Welcome back to the summer term!

Corby Glen Community Primary School

Year 6

  • End of Year 6 expectations 

     Foundation subject area/strand  Essential skills

     Art and Design

    •  Make own papers to use in a sketch book or journal.
    • Explain intentions when developing ideas, identifying any changes and improvements made as work progresses.
    • Describe how the techniques and themes used by other artists and genres have been developed in their own work.
    • Use a variety of media to represent light, shade, form, pattern and texture in a range of drawing work.
    • Use paint techniques characteristic of a specific genre (e.g. particular brush strokes, colours and paint application techniques).
    • Create abstract forms choosing appropriate materials and tools, demonstrating the awareness and influence of a specific art genre.
    • Using digital software, create abstract prints which involve experimentation with colour, size, shape and repetition.
    • Embellish a 3-D form using collage techniques (decoupage).
    • Combine images using digital technology, colour, size and rotation.
    • Mix and use colour to refl?ect mood and atmosphere.
    • Use pattern to add detail, movement and interest to a piece of work.
    • Use pen and ink to add line, tone and perspective using a tonal ink wash.
    • Use 3-D shapes to create an abstract form or sculpture, juxtaposing individual components.
    • Explain how studying other artists’ work has influenced and developed their own.
    • Adapt and refine own work in the light of evaluations.
    • Describe and explain the ideas, methods and techniques used to create artwork on a particular theme or genre.


    •  Produce algorithms independently using logical and appropriate structures to organise and record data.
    • Create flowcharts and other diagrams to explain how a process or model works.
    • Independently problem solve and model situations and processes, by understanding and explaining the impact of changing variables and rules within a model.
    • Demonstrate knowledge and understanding of how networks work by describing the types of service offered (e.g. through email, www, ftp and video conferencing).
    • Design and create/use a range of programs to accomplish given goals.
    • Take account of accuracy and potential bias when searching for and selecting information.
    • Evaluate and improve presentations in the light of discussion, marking and audience response.
    • Find, report and flag buttons in commonly used sites and name sources of help (e.g. Childline and Cybermentors).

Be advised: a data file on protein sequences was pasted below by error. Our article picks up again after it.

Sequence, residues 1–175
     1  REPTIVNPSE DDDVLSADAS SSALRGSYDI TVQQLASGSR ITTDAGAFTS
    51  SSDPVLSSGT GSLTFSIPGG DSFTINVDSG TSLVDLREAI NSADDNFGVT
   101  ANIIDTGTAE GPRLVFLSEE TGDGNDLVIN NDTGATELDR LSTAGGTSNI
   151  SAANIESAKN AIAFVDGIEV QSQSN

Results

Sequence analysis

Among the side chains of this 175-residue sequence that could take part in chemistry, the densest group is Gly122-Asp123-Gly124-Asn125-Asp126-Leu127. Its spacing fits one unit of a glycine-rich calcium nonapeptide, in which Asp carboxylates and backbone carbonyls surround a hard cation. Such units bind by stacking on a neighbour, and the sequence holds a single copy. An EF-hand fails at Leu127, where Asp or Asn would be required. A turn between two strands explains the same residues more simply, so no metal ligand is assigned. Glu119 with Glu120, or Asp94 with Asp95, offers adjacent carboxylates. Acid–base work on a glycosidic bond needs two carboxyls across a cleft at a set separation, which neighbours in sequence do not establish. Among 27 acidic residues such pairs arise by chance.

• Find a Click-CEOP button and explain to parents what it is for.
    • Discuss scenarios involving online risk.
    • State the source of information found online.
    • Act as a role model for younger children.
    • Explain that changing the numerical data affects a calculation.
    • Create data collection forms and enter data from these accurately.
    • Make graphs from the calculations on their spreadsheet.
    • Sort and filter information.

     Design and Technology/Planning, knowledge and evaluation

    •  Develop detailed criteria for designs for products aimed at particular individuals or groups, sharing ideas through cross-sectional and exploded diagrams, prototypes and pattern pieces.
    • Use CAD/CAM packages to design moving parts of a design.
    • Check work as it develops and modify their approach in the light of progress.
    • Research cultural traditions and evidence their influence in their own work.
    • Explain the form and function of familiar existing products.
    • Demonstrate modifications made to a product, as a result of ongoing evaluation, by themselves and others.
    • Describe how an individual in the field of design and technology has helped shape the world.

     Design and Technology/Making, using and understanding

    •  Use more complex tools with increasing accuracy.
    • Choose the best materials for a task, showing an understanding of their working characteristics.
    • Demonstrate how their products take into account the safety of the user.
    • Paint, glue, nail and sand to rejuvenate a damaged, faulty or old object.
    • Combine fabrics to create more useful properties and make a product of high quality, checking for snags and glitches.
    • Combine materials with moving joints.